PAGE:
Vantage Drilling Company (VTG) – NYSEDecember 1, 2014 Business Model
Vantage is an offshore drilling contractor, with an owned fleet of three ultra-deepwater drillships, the Platinum Explorer, the Titanium Explorer and the Tungsten Explorer, as well as an additional ultra-deepwater drillship, the Cobalt Explorer, now under construction, and four Baker Marine Pacific Class 375 ultra-premium jackup drilling rigs. Vantage's primary business is to contract drilling units, related equipment and work crews primarily on a dayrate basis to drill oil and natural gas wells. Vantage also provides construction supervision services for, and will operate and manage, drilling units owned by others. Through its fleet of seven owned drilling units, Vantage is a provider of offshore contract drilling services globally to major, national and large independent oil and natural gas companies.
Vantage has been retiring debt substantially all year with $53 million payed down in the most recently reported quarter ending September 30, 2014 alone. In this report, the company noted that it currently has a high level of contracted backlog.
The Company had previously announced that it had a targeted debt retirement goal of $175.0 million for 2014. Management guidance provided that this goal would be achieved by $53.5 million of scheduled debt maturities and a combination of discretionary pre-payments on the Company's outstanding Term Loans and open market purchases of the Company's Senior Notes. Current market conditions have resulted in the opportunity to repurchase Convertible Notes on terms that the Company believes are attractive, as well.
It is very possible that this stock has been beaten down unfairly along with the rest of the oil stocks, specifically drillers and even more specifically, small outfits. This is because 2015 has been written off by investors as a horrible year for drillers, all of which has been more than priced into these stocks. For VTG, the last quarter was break even for them simple because of an increase in taxes. The company has increased shareholder equity in each of the last four quarters.
The stock has some ridiculously low valuations, and being a listed issue with an enterprise value close to $3 billion, the company has more than a handful of analysts following it. Trailing P/E is 3.87, forward P/E is 3.43, price to sales is at 0.27, price to book value is 0.42. The company has $81 million in cash on hand or $0.26 per share. Book value per share is at $1.76, more than twice the current stock price.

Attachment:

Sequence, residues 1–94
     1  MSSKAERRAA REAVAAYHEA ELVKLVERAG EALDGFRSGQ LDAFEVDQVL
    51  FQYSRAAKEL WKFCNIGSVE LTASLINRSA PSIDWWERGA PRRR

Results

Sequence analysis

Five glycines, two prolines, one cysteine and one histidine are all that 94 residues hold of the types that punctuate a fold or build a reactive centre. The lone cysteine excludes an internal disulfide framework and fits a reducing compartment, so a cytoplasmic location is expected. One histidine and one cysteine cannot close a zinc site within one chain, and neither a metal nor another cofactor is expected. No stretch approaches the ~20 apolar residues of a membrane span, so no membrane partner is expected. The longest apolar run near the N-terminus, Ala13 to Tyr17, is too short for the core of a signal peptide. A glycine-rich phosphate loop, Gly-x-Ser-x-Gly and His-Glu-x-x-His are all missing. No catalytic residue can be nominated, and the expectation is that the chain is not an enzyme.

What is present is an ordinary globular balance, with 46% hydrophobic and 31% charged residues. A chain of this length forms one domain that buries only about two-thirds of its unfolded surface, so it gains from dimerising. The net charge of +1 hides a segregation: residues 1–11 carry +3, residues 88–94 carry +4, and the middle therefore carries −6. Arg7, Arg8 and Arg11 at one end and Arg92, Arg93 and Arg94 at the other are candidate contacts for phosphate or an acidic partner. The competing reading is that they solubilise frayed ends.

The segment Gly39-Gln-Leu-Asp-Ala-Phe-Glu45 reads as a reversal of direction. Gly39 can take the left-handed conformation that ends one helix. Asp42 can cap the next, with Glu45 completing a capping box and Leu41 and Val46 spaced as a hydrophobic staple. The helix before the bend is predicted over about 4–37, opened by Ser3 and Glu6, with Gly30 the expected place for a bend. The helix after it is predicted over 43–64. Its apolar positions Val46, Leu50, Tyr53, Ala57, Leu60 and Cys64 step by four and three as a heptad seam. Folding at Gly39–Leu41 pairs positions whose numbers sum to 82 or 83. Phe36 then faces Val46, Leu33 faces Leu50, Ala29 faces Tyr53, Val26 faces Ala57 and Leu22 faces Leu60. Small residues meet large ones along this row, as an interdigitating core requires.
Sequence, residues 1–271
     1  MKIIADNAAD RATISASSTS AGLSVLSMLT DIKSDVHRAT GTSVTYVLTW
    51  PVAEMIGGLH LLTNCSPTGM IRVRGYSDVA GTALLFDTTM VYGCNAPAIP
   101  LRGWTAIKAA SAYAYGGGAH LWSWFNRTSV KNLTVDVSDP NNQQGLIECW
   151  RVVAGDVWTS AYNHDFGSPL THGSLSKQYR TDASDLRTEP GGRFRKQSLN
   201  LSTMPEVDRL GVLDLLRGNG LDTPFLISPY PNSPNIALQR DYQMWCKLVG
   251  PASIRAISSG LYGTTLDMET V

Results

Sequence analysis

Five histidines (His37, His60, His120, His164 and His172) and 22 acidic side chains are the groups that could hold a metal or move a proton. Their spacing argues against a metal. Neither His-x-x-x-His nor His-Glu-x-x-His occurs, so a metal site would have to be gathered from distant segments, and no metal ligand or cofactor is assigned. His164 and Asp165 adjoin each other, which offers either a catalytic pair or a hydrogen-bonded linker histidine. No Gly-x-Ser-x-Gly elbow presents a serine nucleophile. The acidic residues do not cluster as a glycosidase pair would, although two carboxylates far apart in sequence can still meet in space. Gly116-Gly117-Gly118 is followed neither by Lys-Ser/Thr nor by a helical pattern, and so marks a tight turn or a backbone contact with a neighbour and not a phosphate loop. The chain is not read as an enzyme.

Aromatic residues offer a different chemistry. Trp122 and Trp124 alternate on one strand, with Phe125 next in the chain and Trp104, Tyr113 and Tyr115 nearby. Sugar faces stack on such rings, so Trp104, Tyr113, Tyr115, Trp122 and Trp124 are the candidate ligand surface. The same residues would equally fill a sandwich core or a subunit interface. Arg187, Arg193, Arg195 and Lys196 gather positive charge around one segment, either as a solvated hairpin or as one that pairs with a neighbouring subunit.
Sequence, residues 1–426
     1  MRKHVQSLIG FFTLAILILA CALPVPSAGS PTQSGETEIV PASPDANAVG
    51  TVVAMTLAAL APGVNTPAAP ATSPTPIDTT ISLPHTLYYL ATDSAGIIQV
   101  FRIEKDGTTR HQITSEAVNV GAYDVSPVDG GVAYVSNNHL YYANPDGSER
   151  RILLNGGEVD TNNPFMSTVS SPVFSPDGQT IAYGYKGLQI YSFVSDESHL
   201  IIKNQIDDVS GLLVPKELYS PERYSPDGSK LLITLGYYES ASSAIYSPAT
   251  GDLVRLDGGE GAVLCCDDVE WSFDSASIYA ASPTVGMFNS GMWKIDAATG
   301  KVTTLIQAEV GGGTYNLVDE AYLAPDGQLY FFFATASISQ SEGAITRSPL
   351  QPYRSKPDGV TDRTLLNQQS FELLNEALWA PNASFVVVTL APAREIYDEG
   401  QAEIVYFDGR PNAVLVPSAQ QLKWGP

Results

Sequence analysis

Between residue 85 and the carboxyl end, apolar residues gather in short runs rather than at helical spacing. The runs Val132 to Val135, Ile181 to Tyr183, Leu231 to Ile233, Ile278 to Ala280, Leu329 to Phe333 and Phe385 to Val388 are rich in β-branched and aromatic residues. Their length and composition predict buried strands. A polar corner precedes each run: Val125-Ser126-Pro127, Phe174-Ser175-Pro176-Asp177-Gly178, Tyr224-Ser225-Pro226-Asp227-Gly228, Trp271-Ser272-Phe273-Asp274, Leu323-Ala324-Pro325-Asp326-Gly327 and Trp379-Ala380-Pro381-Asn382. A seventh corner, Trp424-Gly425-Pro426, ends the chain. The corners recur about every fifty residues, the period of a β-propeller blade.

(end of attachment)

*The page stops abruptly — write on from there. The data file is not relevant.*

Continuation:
Instead of panicking, this company has been taking advantage of the stock trading at half of book value by buying up and retiring debt thereby reducing future dilution. This means that with the current float of 158 million shares not in danger of increasing substantially in the future, there seems to be quite a bit missing in the stock price.
Part of the missing value may have to do with some fairly massive short selling that has occurred over the last month or two. As of November 14, almost 12 million shares were sold short, or 7.7% of the float.
Despite a seemingly large cushion built into this value play, many risks are still involved. One risk specific to the stock is the danger of being delisted from the NYSE if the stock continues to stay below a dollar for months and months. Another risk to be aware of is the fact that an investment in off shore oil drillers puts your money out in the middle of the ocean, where all kinds of risks are lurking.
Our Trading Strategy
We believe there may currently be a major inefficiency in the price of this stock, and see more than just a quick bottom play or dead cat bounce. The stock may bounce quickly by 20-50%, however a crawl back to more suitable valuations pricing the stock at $2-3 may take some time. A short squeeze may play a part in both of these scenarios. Overall, we believe this is simply a case of a stock that is way undervalued for what is actually occurring, and what can occur in the oil markets, which have been known to surprise in the past. There are just too many reasons for the stock to eventually return to a much higher price. A simple buy and wait strategy with a stop loss around $0.50 should suffice.